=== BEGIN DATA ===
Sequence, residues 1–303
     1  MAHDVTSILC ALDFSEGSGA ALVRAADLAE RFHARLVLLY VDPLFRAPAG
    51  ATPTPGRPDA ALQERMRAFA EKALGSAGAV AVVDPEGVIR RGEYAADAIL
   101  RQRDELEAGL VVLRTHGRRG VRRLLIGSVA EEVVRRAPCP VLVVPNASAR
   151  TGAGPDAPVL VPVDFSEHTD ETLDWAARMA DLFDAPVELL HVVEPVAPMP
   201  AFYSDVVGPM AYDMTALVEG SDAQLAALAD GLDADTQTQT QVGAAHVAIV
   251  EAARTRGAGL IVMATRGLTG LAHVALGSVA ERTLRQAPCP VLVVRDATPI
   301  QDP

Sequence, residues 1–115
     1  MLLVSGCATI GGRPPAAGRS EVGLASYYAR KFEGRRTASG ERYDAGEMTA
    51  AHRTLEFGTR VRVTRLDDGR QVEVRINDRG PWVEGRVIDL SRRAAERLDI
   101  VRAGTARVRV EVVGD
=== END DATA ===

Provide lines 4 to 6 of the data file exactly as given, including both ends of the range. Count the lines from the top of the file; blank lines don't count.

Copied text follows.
   101  RQRDELEAGL VVLRTHGRRG VRRLLIGSVA EEVVRRAPCP VLVVPNASAR
   151  TGAGPDAPVL VPVDFSEHTD ETLDWAARMA DLFDAPVELL HVVEPVAPMP
   201  AFYSDVVGPM AYDMTALVEG SDAQLAALAD GLDADTQTQT QVGAAHVAIV